The Houston Chronicle reports that the Astrodome now looks slated for demolition. The Houston Texans and the Livestock Show & Rodeo have both endorsed a $66 Million plan to level the dome and replace the space with some sort of “green space.” The plan, which I recall hearing my friend Perry Dorrell (Brains & Eggs) discuss at length in the past, demolishes all but the outside skeleton of the dome, then fills in the depression with grass. Thus, an open air structure would stand that would pay tribute to the Astrodome while requiring minimal upkeep. It is a fitting tribute to the dome, though it is significantly more expensive than just paving over it.
As the astute will surely recall, a contentious fight erupted last year when a proposition was put on the ballot to spend over $200 Million renovating the dome into a modern convention center. Texpatriate wholeheartedly supported that proposal, but it ended up failing by a few percentage points. After that, some talk has occurred over designating the structure a landmark, though it is exceedingly unlikely this would actually prevent demolition if the powers-to-be truly wished for it. In the last few months, the Editorial Board has heatedly debated the prospect of another editorial on the topic (e.g., “Tear down the Dome!” or “Not yet, a desperate plea”), but there was not enough support one way or another to write anything.
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The Houston Chronicle reports that the Harris County Commissioners are musing over a new proposal to both solve a feral dog infestation and help to feed the hungry population within Houston. In a contract recently approved by the Commissioners, heralded by Commissioner Steve Radack (R-Precinct 3), over $200,000.00 will be allocated for these hogs to be trapped, butchered and served to the homeless and impoverished.
The hogs have multiplied exponentially in recent years throughout western, rural portions of the county. Specifically, in George Bush Park and Bill Archer Park, these hogs have become a massive nuisance and public safety issue. Multiple anecdotal examples of these hogs running amok into neighboring communities have been documented, with the hogs “rooting up yards and damaging sports fields.” Radack has long talked up this issue, once even promulgating an admittedly quixotic plan to cull the feral hogs using bow hunters. That plan was vetoed, but this one looks far more realistic.
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The Houston Chronicle reports that the Harris County Commissioners’ are discussing hiking the salaries of most county officials. The notable exceptions are the Judges with a local jurisdiction, whose salaries are tied to that of the District Judge, set by the State Legislature. Similarly tied is the salary of the County Judge.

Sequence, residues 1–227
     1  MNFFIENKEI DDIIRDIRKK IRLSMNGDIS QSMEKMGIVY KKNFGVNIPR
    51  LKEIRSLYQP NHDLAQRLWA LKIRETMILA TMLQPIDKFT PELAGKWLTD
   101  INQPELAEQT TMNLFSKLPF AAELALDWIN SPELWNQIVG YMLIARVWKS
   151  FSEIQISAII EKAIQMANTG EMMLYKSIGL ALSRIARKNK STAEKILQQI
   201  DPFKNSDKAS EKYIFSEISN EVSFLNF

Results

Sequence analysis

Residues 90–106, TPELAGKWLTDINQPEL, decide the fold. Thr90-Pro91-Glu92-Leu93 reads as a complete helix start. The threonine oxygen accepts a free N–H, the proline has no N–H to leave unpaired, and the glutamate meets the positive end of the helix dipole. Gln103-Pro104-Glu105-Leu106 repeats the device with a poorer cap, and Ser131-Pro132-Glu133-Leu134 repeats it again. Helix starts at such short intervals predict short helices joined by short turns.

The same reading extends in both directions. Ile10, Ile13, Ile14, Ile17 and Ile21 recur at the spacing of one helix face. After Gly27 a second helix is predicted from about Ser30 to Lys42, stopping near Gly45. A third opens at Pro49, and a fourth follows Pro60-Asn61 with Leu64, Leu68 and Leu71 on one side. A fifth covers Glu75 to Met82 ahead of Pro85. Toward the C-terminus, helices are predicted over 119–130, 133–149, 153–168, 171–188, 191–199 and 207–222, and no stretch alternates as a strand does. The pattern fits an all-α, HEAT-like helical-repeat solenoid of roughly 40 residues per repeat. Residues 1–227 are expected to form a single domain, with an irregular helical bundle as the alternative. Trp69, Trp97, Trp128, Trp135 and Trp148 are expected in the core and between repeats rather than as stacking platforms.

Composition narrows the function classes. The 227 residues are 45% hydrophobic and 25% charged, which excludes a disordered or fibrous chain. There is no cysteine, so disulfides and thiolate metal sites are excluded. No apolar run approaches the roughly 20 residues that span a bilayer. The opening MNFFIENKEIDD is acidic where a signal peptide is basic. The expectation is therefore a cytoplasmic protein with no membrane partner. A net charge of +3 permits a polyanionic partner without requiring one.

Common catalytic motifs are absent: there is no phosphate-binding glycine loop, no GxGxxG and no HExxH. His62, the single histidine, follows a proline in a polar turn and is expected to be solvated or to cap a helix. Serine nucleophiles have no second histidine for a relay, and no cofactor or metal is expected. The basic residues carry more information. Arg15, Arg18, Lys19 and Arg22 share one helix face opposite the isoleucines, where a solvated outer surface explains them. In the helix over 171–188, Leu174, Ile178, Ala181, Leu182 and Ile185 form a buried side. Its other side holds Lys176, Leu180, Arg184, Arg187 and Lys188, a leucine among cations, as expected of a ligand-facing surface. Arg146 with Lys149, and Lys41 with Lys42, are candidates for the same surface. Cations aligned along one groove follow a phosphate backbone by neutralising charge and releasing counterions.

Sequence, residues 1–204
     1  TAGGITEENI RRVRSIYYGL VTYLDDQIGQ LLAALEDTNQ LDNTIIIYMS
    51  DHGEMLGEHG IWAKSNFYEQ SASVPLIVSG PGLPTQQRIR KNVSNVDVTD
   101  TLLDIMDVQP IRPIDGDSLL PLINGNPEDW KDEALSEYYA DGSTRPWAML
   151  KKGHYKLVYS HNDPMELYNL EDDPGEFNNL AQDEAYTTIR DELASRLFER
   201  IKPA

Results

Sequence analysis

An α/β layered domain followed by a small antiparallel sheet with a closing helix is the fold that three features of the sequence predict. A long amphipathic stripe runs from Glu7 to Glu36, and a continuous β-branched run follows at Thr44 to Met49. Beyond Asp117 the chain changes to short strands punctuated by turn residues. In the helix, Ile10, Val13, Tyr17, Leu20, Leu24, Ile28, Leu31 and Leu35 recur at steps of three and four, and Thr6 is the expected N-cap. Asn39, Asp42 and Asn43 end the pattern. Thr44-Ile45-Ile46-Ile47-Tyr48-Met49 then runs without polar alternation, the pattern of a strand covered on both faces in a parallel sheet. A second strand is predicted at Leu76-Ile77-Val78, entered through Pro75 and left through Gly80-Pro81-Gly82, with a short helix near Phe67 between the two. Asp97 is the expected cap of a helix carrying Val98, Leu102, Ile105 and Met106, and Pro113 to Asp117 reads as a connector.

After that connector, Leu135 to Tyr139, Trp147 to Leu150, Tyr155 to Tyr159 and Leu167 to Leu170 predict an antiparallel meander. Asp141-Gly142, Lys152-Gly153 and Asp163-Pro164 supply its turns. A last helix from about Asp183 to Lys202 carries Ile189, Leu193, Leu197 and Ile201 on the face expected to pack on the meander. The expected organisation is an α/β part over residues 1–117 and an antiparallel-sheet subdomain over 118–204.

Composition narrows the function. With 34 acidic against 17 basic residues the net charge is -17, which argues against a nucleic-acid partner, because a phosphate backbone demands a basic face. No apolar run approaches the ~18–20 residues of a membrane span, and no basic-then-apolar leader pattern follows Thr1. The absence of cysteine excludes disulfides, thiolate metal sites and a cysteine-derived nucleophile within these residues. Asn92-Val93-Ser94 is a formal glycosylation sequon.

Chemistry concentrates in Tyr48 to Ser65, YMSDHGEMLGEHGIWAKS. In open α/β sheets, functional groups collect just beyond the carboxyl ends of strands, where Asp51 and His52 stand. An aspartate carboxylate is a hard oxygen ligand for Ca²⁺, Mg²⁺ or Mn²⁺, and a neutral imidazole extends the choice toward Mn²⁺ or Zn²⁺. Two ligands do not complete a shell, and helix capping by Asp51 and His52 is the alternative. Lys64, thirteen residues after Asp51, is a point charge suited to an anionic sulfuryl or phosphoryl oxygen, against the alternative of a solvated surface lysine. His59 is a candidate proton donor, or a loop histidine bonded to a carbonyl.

However, the Constables, County Attorney, County Clerk, County Commissioners, County Treasurer, District Attorney, District Clerk, Sheriff and Tax Assessor-Collector will all receive modest increases in their salaries. When I say “modest,” I truly mean somewhat miniscule. For example, the County Commissioners accused of these nefariously dealing with regard to “voting themselves a raise” would simply see 11% hike, which would be near the top of the raises. Towards the low end, the District Clerk would only see his salary go up by little more than 5%.
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Laziness heralded the day for the Texas Democrats shooting themselves in the foot at the close of the filing deadline, but it is unbridled stupidity carrying the banner for the Harris County Democrats next year. Again, not from the leadership, but from the average people. I will post a full list at the bottom of the post, but would like to talk about a few things first.
There will be six Court of Appeals slots up for election to a 6 year term, between the seats on the 14th Court of Appeals and the 1st Court of Appeals. These elections were remarkably close in 2008, meaning that changing demographics should probably make them just as competitive –if not more– in 2014. But will they be competitive? No. Because the Democrats, once again, were too LAZY to contest half of the slots. One candidate, Jim Sharp, actually won in 2008. He will be running for re-election, and Kyle Carter, a good District Judge, will run for another post. These two men will be great candidates! Another candidate, Gordon Goodman, has filed but I do not have any info on him yet, nor do any of my attorney sources have information on him.
When it comes to District Courts in Harris County, there are a full 36 posts up for election, between Civil, Criminal, Family and Juvenile courts. In 2010, every single one of these posts had a Democratic candidate, and as I recall most every candidate was well qualified and overall competent. Only 27 of these will be contested by the Democrats this time around, including four races where Democrats will be fighting one another instead of the incumbent Republican judges.
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